Cannabis for horses has a long history and a promising future.
Some believe that society is putting the cart before the horse when it comes to all matters related to medicinal cannabis. This is especially true when it comes to helping the animals entrusted to our care. So perhaps historical literature will shed some light on how useful cannabis has always been as a medicine. For the naysayers, cannabis for horses has been around for along time. But, modern equestrians want to know: Is it safe? Does it work?
The Bonded Relationship of Horse and Human Goes Way Back
Much of the world was first explored on foot and horseback as new lands were discovered, conquered, and settled. Ancient cave paintings and the early founding texts of our culture describe a deep bond with the horse.
As with any important ally, horse or otherwise, the health of the animal was of paramount importance to human endeavors. In the days before modern medicine came to be, natural cures were the primary form of treatment. According to CuChullaine O’Reilly, author of the Encyclopaedia of Equestrian Exploration, cannabis had a firm place in the medical kit of those who, like O’Reilly, undertook long journeys on horseback.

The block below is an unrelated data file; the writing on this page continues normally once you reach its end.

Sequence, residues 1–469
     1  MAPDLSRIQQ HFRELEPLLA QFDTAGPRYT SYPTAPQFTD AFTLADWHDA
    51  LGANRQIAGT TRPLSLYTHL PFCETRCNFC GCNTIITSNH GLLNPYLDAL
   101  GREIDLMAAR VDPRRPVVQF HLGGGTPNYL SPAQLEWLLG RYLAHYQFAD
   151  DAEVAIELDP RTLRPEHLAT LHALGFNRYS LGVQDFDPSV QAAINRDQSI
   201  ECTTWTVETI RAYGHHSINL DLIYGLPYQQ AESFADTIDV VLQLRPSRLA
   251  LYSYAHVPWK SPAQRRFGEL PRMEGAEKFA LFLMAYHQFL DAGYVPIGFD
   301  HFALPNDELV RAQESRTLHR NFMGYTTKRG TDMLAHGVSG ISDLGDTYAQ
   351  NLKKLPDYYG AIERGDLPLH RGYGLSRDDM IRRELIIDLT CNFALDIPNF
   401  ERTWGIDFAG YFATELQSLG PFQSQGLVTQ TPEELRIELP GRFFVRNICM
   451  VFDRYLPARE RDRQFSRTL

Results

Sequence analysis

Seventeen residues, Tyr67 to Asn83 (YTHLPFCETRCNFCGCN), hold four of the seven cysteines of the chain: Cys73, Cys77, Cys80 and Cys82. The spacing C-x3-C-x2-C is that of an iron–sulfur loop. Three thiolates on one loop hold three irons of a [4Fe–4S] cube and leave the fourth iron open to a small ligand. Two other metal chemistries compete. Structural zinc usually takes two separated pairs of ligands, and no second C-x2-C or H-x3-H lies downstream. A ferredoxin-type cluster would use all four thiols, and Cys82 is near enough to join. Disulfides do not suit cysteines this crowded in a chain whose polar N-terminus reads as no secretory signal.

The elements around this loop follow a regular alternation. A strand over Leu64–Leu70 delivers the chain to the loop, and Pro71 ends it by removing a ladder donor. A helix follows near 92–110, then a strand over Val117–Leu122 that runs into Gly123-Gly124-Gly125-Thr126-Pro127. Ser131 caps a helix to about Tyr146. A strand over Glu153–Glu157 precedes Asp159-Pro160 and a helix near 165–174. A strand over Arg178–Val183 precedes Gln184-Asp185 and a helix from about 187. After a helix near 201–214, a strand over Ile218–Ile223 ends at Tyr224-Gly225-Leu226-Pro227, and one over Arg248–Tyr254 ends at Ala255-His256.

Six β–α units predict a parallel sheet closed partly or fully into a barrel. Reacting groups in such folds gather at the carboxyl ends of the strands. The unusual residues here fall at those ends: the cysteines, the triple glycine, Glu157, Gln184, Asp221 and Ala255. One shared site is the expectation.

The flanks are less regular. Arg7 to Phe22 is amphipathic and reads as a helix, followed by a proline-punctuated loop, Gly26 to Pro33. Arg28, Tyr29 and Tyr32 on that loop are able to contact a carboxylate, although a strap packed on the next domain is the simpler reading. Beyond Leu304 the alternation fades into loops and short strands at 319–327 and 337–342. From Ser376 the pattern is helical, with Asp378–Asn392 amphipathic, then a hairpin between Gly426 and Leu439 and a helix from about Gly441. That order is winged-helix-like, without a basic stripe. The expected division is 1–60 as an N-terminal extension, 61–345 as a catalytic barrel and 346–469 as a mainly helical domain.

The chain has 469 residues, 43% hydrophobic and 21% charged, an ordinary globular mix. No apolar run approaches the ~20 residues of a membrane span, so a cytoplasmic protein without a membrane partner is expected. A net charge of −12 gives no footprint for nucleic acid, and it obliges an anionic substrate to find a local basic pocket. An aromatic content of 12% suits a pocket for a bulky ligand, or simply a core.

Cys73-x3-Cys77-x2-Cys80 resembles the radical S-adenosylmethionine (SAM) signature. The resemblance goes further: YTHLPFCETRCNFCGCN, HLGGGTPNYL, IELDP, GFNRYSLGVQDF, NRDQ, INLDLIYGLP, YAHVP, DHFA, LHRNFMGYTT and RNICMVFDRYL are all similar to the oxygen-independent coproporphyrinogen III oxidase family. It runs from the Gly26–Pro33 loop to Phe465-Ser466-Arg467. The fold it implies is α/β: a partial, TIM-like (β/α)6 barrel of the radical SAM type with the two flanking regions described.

The Historical Use of Cannabis to Treat Ailments in Animals
The first-known writings describing the use of cannabis to treat ailments among horses appeared in the book The History of Four-Footed Beasts, written in 1607 by Edward Topsell. It discusses the widely-used practice of mixing hemp seeds with a horse’s ration to promote rapid weight gain.
Historical use of cannabis in horses also extends to the treatment of colic and pain relief. French Renaissance writer, physician, monk, and Greek scholar, François Rabelais discussed it widely in his writings.
Rabelais commented on cannabis, “If of its juice you put in a bucket of water, suddenly you will see the water thicken, as if it were curds, so great are its virtues. And the water thus curdled is the immediate remedy for horses with colic.”